RCMP signs agreement with Teechuktl Mental Health

Port Alberni, BC

As homelessness and addiction continues to be a problem that plagues Port Alberni, the Nuu-chah-nulth Tribal Council’s Teechuktl (Mental Health) department and the Port Alberni RCMP have pledged to work together to bring support to Nuu-chah-nulth people that have come into contact with police - but don’t necessarily belong in cells.

RCMP Corporal Jay Donahue of Indigenous Policing Services said the MOU signed Dec. 15 with NTC President Judith Sayers will allow the RCMP, with permission from the client, to directly refer them to workers in Teechuktl’s Quu’asa program, where they can access that extra level of support.

The NTC’s Teechuktl department provides mental health, cultural and traditional support to Nuu-chah-nulth people. Having access to culturally-sensitive supports could improve the health and well-being of the client.

“Some people are placed in cells for non-criminal matters…it may be mental health or addiction,” said Donahue.

By referring these people to Quu’asa, they have access to support and resources that are not available at the local RCMP detachment.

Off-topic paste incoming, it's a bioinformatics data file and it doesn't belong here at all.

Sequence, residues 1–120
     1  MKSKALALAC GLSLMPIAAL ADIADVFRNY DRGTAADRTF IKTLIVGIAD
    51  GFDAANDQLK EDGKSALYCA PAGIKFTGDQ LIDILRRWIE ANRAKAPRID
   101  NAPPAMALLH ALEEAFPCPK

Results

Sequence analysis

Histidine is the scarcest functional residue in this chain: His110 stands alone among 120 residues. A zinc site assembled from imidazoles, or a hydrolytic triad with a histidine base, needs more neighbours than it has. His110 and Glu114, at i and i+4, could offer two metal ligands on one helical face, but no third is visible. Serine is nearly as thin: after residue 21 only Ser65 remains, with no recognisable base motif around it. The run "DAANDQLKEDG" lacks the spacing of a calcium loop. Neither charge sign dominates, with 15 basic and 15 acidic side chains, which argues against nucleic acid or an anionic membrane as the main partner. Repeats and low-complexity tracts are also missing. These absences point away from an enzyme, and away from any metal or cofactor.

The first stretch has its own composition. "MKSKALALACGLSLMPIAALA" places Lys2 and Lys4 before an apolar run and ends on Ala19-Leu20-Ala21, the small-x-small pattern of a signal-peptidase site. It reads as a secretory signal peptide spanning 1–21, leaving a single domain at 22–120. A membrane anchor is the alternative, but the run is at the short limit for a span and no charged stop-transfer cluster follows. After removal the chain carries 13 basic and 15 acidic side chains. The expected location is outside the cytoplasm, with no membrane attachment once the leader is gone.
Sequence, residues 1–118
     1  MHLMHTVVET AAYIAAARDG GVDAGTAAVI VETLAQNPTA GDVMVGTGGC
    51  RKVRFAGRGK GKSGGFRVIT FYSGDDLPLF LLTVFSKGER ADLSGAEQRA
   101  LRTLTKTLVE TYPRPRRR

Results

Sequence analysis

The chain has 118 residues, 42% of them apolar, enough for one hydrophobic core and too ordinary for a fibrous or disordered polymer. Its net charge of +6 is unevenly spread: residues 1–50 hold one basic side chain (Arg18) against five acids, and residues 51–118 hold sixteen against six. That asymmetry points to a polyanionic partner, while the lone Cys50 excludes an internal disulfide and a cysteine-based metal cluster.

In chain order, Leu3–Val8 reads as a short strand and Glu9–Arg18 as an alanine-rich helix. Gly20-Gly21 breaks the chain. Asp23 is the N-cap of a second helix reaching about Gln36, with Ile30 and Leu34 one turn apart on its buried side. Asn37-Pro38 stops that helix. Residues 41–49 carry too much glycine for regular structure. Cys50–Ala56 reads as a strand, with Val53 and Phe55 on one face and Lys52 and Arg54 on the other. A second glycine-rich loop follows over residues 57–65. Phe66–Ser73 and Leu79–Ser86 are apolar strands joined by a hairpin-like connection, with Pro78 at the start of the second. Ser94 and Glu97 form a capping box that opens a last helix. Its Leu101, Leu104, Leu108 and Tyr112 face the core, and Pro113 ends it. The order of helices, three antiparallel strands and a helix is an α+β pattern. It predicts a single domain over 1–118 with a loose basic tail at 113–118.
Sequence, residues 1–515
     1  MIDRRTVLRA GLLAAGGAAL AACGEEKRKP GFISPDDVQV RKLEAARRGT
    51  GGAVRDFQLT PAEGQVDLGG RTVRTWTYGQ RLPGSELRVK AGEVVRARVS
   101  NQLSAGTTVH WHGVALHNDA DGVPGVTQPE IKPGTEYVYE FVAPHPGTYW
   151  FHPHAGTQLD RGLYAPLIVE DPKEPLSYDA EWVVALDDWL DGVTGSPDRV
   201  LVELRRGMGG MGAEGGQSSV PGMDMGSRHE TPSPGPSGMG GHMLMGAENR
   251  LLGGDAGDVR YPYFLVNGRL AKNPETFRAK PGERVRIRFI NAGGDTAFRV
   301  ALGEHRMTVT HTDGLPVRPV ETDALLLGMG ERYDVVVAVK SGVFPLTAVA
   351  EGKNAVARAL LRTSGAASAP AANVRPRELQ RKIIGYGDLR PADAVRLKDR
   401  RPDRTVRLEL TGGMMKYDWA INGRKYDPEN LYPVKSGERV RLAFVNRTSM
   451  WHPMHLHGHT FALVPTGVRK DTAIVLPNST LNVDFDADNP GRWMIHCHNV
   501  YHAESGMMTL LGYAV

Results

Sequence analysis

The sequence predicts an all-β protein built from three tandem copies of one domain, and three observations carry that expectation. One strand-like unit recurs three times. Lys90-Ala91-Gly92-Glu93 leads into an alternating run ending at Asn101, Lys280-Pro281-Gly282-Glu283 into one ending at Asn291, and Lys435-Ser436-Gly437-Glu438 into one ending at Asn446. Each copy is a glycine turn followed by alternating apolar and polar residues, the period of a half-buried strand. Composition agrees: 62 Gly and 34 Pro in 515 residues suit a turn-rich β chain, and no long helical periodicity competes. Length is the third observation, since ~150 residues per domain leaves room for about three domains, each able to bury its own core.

Sayers praised the Quu’asa team and the efforts of the RCMP.

“We have an awesome team that want to help our people and the police hopefully find better solutions – help people move forward in a good way,” she said.

In the MOU, called Referral Process Agreement, the RCMP acknowledge that they are not experts on cultural counselling and First Nations client care.

“The RCMP is committed to reducing the number of First Nations clients that are apprehended, involved in criminal activity or suffering with non-criminal mental wellness issues,” states the MOU.

The agreement allows the RCMP to refer First Nations clients, with their consent, to Teechuktl where they they will receive support. The goal, said Donahue, is to reduce rates of First Nations peoples’ interactions with police.

“This will bring them that extra level of after care,” he said.

Donahue noted that little support exists for people re-entering society from institutions.

“This is not a fix-all but it is a step in the right direction,” he added.

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